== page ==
If I asked a roomful of people to raise their hands if they wish to have a beach-ready body, I can almost guarantee that 99% of the hands in the room would go up. However, if I laid out a detailed plan of what it would take to achieve that beach-ready body and clearly outlined what you would say yes to and what you would be saying no to, that percentage would likely decrease significantly. Then further down the line once the reality of the process sinks in and people’s true values start to shine through, the number of people who actually achieved the goal will be far less than the original 99% who raised their hands. If you value Netflix with your wife higher than getting an early night so you can get up fresh and go for a run, the likelihood of you making that choice goes way down.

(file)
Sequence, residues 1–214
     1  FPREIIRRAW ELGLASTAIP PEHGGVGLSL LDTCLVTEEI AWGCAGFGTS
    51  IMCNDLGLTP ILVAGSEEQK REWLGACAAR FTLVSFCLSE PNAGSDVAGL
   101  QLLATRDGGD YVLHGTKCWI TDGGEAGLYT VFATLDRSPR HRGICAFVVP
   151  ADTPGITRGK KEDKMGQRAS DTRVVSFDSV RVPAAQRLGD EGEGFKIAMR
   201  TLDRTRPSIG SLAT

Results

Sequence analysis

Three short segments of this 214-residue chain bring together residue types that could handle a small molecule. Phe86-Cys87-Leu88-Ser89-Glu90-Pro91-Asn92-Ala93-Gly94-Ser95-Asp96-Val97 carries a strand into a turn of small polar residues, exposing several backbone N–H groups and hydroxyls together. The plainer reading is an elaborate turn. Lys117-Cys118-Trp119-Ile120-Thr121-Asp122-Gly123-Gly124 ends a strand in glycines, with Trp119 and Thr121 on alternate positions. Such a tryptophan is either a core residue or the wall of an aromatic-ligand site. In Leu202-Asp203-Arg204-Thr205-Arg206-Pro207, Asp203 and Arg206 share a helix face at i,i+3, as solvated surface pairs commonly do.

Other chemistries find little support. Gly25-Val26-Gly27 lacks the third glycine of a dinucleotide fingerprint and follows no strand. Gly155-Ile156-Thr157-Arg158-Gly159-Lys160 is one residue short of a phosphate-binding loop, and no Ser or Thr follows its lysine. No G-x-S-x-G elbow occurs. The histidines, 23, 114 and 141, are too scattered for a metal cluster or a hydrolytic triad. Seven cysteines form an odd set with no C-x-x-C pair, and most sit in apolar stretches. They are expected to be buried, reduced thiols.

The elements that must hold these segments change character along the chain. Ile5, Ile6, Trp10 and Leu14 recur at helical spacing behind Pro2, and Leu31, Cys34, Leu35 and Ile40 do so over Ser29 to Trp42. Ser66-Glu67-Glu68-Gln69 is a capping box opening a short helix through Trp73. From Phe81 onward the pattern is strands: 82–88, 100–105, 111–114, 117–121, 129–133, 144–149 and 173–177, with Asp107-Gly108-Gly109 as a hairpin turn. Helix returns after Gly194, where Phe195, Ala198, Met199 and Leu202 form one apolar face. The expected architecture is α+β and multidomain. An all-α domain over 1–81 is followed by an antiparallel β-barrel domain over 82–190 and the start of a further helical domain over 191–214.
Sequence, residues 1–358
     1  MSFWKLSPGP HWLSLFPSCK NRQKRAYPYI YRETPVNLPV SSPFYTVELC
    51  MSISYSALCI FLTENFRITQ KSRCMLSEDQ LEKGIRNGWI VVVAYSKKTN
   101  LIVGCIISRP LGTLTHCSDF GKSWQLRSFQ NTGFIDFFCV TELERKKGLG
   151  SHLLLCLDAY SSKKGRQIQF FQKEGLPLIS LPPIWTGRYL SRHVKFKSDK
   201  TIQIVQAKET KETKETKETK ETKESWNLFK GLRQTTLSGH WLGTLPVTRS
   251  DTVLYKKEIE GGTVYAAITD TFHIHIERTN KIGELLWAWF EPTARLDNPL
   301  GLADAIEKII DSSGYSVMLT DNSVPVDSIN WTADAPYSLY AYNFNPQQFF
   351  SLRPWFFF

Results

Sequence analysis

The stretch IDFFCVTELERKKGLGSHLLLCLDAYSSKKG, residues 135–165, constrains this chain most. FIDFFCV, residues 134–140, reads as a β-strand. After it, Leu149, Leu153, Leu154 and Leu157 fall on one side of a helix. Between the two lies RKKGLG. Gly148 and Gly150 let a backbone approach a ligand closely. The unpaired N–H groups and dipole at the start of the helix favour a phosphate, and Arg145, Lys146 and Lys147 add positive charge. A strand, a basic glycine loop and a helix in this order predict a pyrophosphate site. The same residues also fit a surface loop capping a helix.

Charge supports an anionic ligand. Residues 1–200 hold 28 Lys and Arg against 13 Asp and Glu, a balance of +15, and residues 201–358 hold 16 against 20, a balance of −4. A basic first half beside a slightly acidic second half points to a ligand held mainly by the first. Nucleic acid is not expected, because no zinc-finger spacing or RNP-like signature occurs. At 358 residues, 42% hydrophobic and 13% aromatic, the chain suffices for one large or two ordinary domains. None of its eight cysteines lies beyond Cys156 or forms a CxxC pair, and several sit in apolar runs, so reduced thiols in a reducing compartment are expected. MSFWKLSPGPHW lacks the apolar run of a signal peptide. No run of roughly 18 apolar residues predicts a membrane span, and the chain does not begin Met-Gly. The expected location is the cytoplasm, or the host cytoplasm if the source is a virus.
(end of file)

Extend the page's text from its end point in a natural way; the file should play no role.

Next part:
So as you make your New Year’s resolutions this year I would encourage you to clarify for yourself what really matters to you.
What are you intrinsically motivated to do?
Those are the things that have the highest probability of success and will leave you the most fulfilled. It may be taking that art class you’ve been meaning to do, it may be starting dance lessons, it may be spending more time with your children or maybe it is a fitness goal, in which case I would encourage you to find something you enjoy doing. The gym is by no means the only place to get fit.
A great tool for helping you to discover your unique hierarchy of values is The Demartini Value Determination Process.
Yours in Health
Read some of our previous New Year articles below:
New Year, New Resolutions by Dr Emmie
New Year – Threat or Opportunity by Dr Greg
New Year Celebrations with Peak Chiropractic by Dr Justin